TURNING UP THE HEAT
Last week we featured chokos, one of the three veg that we ate with a meat of some sort. Needing a slab of butter to melt over the squash-like texture, followed by a hefty hit of salt and pepper, it became somewhat edible.
If that was indicative of our cuisine not so long ago, our tastebuds have shot through like the proverbial Bondi tram of the time.
Can you remember your first encounter with chilli? Maybe the closest you came to “hot and spicy” was a Keen’s sweet curry with sultanas, apple and banana to accompany some extra sausages or leftover lamb.
Chilli has slowly and maybe not so subtly permeated our dining habits and tastebuds with slow but certain addiction. In fact, it is now what the old tomato sauce used to be, swamped over just about everything on its way to our mouths. It’s the capsaicinoids within that create the kick.
Chilli is easy to grow. Testament to this are the little red perennial bird’s eyes that seem to come from nowhere like weeds and have a hit like an atomic blast that is the equivalent to a category five cyclone or an earthquake of 10 on the Richter scale.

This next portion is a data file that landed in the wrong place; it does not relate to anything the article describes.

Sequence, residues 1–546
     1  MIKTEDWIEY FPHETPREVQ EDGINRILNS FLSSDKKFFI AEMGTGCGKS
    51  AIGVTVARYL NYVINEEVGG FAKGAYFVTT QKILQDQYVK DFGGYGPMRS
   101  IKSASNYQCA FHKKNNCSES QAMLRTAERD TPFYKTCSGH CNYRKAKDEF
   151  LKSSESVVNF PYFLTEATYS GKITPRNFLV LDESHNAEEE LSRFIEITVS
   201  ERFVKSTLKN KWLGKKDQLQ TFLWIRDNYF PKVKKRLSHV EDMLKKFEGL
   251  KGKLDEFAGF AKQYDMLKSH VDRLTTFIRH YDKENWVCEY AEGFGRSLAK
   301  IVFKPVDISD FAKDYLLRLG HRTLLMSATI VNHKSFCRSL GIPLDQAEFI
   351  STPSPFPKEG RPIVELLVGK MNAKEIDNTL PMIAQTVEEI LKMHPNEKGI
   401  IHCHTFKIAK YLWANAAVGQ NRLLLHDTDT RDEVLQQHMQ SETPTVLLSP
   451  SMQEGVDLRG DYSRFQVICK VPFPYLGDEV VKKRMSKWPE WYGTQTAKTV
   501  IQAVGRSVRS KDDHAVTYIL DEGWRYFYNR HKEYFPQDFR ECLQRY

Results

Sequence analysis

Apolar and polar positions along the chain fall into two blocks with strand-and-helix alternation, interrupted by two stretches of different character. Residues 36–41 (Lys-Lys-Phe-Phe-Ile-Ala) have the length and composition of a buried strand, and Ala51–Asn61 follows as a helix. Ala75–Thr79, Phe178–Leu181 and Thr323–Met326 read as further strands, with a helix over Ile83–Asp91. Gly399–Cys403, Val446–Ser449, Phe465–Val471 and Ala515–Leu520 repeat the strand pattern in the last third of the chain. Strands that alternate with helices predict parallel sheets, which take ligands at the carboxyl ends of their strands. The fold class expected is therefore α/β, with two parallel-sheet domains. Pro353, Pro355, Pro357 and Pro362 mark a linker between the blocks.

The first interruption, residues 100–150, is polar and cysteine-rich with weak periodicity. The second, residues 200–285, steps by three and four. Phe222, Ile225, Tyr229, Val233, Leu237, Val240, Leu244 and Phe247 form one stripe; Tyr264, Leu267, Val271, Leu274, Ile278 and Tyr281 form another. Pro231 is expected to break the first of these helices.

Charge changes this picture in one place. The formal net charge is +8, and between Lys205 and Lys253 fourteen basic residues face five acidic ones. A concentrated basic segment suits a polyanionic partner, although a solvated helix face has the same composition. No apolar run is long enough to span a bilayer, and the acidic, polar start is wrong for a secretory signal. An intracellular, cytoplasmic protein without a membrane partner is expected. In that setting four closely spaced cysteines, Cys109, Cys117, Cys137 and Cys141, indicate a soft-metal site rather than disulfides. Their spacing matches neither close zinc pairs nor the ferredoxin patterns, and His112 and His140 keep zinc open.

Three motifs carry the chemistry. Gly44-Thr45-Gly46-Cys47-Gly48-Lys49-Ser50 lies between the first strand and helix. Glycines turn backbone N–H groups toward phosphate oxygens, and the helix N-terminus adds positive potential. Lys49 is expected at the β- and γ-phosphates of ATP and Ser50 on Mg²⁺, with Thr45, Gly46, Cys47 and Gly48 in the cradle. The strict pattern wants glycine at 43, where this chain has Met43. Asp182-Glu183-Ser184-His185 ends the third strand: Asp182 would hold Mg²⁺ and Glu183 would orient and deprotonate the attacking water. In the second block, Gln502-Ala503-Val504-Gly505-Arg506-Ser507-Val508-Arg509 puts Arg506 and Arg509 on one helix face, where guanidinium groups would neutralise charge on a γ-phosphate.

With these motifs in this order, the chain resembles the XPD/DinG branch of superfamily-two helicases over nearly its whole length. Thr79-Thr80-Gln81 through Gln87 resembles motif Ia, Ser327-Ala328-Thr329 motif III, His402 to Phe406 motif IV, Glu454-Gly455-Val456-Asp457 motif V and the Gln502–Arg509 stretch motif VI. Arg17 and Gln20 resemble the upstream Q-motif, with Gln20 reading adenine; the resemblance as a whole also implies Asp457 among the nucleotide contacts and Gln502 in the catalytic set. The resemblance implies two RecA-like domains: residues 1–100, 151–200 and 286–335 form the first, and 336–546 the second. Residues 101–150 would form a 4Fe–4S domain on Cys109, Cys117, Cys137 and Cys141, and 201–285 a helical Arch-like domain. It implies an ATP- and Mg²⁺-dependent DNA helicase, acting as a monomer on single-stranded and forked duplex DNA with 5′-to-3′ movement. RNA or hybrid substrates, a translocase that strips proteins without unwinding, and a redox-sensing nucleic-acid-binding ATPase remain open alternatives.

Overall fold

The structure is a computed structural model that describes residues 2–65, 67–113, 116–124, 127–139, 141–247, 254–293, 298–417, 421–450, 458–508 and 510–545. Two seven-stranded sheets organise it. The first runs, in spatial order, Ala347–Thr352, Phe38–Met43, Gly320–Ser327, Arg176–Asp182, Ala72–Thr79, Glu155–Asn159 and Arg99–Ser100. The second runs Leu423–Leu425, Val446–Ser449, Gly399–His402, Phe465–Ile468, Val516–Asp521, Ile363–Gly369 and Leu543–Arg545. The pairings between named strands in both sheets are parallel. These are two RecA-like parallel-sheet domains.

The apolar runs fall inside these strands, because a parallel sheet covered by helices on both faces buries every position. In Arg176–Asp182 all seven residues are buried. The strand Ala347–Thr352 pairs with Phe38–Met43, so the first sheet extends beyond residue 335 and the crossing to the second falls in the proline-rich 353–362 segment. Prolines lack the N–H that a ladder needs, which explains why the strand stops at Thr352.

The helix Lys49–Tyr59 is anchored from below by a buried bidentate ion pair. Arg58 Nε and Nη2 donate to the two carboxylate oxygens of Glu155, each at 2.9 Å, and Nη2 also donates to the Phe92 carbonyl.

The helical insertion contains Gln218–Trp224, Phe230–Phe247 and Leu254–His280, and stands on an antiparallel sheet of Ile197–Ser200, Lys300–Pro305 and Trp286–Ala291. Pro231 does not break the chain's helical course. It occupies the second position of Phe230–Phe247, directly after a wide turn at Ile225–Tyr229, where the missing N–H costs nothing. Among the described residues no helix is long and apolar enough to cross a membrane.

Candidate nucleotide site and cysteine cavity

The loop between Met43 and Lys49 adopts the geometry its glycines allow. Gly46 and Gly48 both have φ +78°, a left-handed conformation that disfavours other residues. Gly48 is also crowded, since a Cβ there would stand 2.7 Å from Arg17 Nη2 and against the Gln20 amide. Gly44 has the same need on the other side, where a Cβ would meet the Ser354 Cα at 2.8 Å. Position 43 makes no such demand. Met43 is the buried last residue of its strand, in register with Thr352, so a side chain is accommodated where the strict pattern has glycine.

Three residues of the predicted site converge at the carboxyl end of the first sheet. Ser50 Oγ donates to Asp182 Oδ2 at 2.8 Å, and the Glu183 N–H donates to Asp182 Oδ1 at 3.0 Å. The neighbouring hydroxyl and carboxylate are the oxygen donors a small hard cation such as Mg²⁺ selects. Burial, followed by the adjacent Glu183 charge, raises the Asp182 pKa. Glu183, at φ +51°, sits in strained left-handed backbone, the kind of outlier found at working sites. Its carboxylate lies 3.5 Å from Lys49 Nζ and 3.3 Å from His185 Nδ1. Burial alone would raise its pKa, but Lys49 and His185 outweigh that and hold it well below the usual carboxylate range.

Bird’s eye chillies are rated about the 100,000 to 350,000 Scoville Heat Units (SHU) on the chilli scale. This is tame when it comes to police pepper spray, which is rated at 2,500,000 to 5,000,000 SHU.
Seems the more we indulge in chilli, the more we are hooked – the hotter the better. At what stage does the taste of the food disappear and we then consider sucking on the bottle instead?
We can grow chillies quite easily. Seeds from chilli bought in a shop or market can be dried and planted now into a seed-raising mix or directly into the ground, where they are intended to spend their life.
Lazy gardeners use ready-grown seedlings. The long red, scotch bonnet (squat yellow) if you dare, jalapeno and habanero are all possibilities. Green chillies are simply the earlier version of the more ripe red.
Good-quality composted and well-drained soils that get direct sun for most of the day will produce a fruitful plant, or grow them in a large pot in a sunny corner.
If you grow a “cool” cucumber vine (“crystal apple”, the old round white skin variety if possible), mixing with plain yoghurt will help douse the fire in your mouth from a chilli hit that went too far. Just imagine what it does to unwanted insects devouring your crop.